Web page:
B.A. in Psychology
Addiction Studies Minor
- Los Angeles, CA
- Full-Time, Part-Time
- 4 Years Full-time, 8 Years Part-time
The Chicago School’s B.A. in Psychology, Addiction Studies Minor provides a path to make a difference for students interested in counseling and providing support to those who struggle with drug or alcohol challenges, or who are in treatment or recovery. The program focuses on preparing you to become a certified substance abuse counselor. According to the U.S. […]
The Chicago School’s B.A. in Psychology, Addiction Studies Minor provides a path to make a difference for students interested in counseling and providing support to those who struggle with drug or alcohol challenges, or who are in treatment or recovery. The program focuses on preparing you to become a certified substance abuse counselor.
According to the U.S. Occupational Outlook Handbook, there will be 28,200 new openings for substance abuse counselors from 2012-2022. Additionally, many states are now requiring that substance abuse counselors have earned a bachelor’s degree prior to achieving certification. A bachelor’s degree also serves as a distinction of quality in many states that also lowers the required field experience hours prior to certification.
The B.A. Psychology, Addiction Studies Minor explores topics such as chemical dependency, crisis intervention, neuropsychology for addiction studies, and how to recognize signs and symptoms of substance abuse.
In addition to preparing for licensure to become an addiction counselor, graduates of the B.A. Psychology, Addiction Studies Minor may work in a number of career areas, including:
- Treatment centers
- School Districts
- Methadone clinics
Professionals with certifications and licenses in their respective states may work with:
- Community-based organizations
- Government agencies
- Health care agencies
- Mental health agencies
- Sober living settings
- Educational institutions
- Substance abuse recovery centers
Alcohol and Other Drugs in Our Society: Introduction to Chemical Dependency
This course provides a historical, sociological and scientific perspective on the use, abuse and addiction of alcohol and other drugs. A comprehensive review of social control of psychoactive and other mood-altering drugs. The history of alcohol, tobacco and nicotine in the society, including alcohol use disorders. This course overviews the biopsychosocial nature of addiction; the impact of addiction on families and society; regulations and drug policy; contemporary treatment and prevention approaches; and the addiction counseling profession.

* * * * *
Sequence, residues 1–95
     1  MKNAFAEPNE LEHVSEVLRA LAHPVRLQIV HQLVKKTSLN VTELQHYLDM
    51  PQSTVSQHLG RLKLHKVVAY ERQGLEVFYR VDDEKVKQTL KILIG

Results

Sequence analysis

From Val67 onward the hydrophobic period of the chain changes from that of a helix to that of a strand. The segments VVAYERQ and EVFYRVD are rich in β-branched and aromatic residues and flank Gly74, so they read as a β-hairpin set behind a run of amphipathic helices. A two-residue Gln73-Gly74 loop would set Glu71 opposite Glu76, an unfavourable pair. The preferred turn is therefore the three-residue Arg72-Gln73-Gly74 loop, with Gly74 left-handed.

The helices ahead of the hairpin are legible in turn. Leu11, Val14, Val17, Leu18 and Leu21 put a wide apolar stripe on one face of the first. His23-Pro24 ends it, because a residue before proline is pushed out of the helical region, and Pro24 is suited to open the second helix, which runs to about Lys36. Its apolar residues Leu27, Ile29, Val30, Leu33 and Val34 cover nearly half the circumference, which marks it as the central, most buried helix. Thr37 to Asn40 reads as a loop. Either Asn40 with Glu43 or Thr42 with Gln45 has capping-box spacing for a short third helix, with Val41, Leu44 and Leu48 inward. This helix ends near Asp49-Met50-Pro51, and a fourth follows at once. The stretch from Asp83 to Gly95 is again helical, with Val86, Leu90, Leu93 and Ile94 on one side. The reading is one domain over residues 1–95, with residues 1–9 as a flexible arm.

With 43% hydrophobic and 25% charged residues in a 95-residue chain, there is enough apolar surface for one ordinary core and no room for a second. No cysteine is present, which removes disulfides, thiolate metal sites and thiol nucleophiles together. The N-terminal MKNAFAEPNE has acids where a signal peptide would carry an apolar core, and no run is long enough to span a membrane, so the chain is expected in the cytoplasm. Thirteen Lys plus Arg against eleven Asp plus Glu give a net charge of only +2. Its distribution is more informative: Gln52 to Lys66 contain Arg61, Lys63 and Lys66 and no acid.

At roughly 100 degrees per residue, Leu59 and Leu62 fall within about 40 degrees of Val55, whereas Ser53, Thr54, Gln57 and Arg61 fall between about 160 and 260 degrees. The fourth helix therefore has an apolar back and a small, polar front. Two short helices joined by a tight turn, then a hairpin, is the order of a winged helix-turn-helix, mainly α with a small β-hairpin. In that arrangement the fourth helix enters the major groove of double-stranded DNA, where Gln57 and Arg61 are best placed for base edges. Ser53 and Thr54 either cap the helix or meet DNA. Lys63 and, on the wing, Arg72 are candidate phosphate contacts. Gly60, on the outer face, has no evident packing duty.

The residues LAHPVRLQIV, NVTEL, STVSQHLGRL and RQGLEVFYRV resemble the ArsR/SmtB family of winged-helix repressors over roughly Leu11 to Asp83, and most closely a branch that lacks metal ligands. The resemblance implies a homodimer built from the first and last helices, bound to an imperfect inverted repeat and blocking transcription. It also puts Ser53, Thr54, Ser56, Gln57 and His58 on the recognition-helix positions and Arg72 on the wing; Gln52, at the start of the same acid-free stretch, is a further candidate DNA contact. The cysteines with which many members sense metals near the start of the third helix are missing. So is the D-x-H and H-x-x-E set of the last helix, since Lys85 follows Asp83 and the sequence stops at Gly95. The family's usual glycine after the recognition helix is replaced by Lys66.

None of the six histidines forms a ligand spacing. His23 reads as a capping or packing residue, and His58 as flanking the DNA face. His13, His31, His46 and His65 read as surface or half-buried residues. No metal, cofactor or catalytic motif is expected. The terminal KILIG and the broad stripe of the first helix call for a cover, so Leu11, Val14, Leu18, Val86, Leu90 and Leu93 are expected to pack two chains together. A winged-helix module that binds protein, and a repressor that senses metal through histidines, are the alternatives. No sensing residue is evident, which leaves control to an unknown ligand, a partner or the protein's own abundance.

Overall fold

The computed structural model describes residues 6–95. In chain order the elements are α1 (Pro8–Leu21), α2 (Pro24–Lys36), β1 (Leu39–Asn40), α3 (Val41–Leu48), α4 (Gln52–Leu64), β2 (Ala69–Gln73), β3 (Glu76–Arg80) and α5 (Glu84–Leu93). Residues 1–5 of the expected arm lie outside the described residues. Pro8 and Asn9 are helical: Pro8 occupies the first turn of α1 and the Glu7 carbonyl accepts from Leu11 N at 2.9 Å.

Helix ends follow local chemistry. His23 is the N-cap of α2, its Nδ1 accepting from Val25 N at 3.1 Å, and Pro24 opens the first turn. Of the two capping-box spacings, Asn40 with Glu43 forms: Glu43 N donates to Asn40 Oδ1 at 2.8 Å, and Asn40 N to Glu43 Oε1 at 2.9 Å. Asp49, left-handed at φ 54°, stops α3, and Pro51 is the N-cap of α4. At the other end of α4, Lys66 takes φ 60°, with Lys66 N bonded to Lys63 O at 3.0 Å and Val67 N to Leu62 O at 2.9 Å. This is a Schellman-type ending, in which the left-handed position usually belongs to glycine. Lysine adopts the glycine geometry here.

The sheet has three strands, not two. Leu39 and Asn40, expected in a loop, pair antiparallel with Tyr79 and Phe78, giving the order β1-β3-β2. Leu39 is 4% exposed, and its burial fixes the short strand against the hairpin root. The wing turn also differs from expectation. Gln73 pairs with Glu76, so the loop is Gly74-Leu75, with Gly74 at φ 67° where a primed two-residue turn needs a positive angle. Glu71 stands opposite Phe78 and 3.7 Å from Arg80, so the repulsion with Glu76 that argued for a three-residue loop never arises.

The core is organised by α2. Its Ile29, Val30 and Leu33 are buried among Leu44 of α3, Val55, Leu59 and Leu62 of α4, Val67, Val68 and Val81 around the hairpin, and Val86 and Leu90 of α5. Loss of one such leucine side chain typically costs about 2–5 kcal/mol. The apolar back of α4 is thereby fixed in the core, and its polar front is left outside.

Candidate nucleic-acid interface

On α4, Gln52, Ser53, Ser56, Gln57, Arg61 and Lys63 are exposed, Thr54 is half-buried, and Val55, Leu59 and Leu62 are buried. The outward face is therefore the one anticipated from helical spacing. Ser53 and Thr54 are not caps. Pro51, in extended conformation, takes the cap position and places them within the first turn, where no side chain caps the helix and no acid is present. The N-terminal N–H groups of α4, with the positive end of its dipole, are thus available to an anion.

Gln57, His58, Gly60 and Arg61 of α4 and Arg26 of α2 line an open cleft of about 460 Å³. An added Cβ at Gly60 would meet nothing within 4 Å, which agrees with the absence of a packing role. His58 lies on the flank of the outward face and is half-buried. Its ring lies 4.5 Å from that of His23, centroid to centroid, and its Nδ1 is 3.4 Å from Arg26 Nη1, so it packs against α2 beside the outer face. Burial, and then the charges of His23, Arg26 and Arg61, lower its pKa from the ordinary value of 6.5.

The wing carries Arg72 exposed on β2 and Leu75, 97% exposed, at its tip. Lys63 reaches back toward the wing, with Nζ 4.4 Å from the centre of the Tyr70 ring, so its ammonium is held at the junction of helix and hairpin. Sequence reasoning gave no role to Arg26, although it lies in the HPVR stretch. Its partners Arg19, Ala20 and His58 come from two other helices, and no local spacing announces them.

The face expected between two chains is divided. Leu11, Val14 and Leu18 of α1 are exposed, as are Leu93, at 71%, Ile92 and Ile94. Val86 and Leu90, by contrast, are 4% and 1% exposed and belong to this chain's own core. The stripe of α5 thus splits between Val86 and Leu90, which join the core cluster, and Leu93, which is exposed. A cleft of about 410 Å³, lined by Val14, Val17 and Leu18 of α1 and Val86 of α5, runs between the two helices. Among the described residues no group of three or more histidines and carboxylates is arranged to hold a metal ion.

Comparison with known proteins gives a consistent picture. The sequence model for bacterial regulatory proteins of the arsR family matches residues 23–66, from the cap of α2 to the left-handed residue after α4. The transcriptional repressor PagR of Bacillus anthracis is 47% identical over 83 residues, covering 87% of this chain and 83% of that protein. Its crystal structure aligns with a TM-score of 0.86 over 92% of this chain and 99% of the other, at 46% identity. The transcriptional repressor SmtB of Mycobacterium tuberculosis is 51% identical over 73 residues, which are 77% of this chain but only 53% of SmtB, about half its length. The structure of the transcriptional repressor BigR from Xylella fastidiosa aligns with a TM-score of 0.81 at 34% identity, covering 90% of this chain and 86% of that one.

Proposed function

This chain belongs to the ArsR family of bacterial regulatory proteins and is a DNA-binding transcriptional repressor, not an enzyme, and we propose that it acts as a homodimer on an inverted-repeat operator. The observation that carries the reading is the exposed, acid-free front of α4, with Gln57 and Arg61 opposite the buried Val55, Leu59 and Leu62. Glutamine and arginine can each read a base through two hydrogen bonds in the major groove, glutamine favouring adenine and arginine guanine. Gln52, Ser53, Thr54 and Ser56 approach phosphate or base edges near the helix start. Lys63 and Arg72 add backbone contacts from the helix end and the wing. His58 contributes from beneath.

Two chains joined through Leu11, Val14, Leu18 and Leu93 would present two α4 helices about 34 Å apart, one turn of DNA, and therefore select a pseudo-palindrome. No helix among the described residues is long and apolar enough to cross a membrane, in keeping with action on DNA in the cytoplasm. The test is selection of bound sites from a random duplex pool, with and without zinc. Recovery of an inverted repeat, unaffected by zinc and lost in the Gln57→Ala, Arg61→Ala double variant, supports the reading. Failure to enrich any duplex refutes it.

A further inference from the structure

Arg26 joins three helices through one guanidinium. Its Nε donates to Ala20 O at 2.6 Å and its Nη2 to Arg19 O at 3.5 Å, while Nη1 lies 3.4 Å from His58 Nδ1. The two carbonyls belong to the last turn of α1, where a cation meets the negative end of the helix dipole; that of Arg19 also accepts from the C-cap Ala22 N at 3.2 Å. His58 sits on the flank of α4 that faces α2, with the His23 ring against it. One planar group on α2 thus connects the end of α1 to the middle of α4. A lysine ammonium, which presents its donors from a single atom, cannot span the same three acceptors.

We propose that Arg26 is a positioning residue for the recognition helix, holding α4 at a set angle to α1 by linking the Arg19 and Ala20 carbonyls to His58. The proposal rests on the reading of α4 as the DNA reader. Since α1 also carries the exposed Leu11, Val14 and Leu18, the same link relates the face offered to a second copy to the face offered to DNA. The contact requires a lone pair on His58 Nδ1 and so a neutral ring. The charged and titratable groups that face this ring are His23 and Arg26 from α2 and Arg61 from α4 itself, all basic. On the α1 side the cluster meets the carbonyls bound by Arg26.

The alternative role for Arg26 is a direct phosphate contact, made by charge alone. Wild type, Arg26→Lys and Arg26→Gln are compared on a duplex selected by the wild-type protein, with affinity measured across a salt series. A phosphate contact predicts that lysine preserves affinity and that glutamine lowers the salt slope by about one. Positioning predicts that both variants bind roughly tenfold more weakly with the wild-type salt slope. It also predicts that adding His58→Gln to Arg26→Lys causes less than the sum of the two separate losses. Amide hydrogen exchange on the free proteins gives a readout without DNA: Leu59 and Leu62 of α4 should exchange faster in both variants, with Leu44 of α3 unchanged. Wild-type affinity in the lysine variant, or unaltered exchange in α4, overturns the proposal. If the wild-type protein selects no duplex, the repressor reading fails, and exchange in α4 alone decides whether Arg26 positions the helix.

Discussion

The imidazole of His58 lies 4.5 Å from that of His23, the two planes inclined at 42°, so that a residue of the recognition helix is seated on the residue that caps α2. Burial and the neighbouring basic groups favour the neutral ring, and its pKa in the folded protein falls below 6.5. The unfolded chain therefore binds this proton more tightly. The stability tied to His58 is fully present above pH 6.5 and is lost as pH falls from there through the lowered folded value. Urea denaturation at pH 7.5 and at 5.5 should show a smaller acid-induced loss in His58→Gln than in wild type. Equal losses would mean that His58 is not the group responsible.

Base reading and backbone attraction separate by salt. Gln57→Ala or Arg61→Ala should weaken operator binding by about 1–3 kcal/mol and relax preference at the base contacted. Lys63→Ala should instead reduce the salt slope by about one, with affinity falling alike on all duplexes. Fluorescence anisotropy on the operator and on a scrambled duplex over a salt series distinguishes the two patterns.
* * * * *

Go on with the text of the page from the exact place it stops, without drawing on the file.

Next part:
Neuropsychology for Addiction Studies
This course is a comprehensive introduction and examination of human neuropsychology and is intended to provide students with a basic understanding of the relationship between the brain and behavior. It will provide the basis for appreciating the many different ways in which behavior is related to specific regions of the human brain. Topics will include foundations of neuropsychology, structure of the nervous system, functional specialization of the brain, as well as cognitive functions and assessment of brain disorders. Additional topics include: physiological, psychological, and behavioral effects of drug and alcohol addiction; pharmacological management; metabolic, neurological processes, and drug use during the perinatal period; syndromes of withdrawal; abstinence, synergistic effects, risk factors; and integrates multidisciplinary treatment considerations.
Basic Counseling Skills in Addiction Studies and Treatment
An introduction to the basic skills and techniques of counseling for addiction counselors. This course describes characteristics of an effective counselor, explores several theoretical models of counseling, and assists the individual to develop skills in active listening, building trust, reflecting feelings and content, and using motivational interviewing techniques.
There are state professional licensure and/or certification requirements to practice as an addiction treatment provider. Titles for practice as an addiction treatment provider vary by state. Some of the titles include Certified Alcohol and Drug Counselor, Certified Addiction Professional, Licensed Addiction Counselor, Licensed Alcohol and Drug Counselor, Licensed Associate Substance Abuse Counselor, and Licensed Associate Substance Abuse Counselor. A state’s professional practice board determines the specific requirements for candidates seeking licensure and/or certification and those requirements are subject to change. The following is professional practice information as of the date of publication:
- The Bachelor of Arts in Psychology, Addiction Studies minor program is aligned with degree and/or coursework requirements for eligibility to practice as an addiction treatment provider in the District of Columbia and all states except for Colorado, Hawaii, Kansas, Michigan, Minnesota, New Jersey, North Carolina, Oregon, South Dakota, Vermont, and Wisconsin.
- Further information regarding the specific license or certification that the Bachelor of Arts in Psychology, Addiction Studies minor program aligns with by state is available online.
It is the student’s responsibility to monitor the licensing and/or certification requirements in their state, as they are subject to change. Additional state-specific requirements beyond the program’s graduation requirements may be required. Some state requirements include the following: post-degree field work, state specific coursework, additional internship or field experience hours, examination, and application.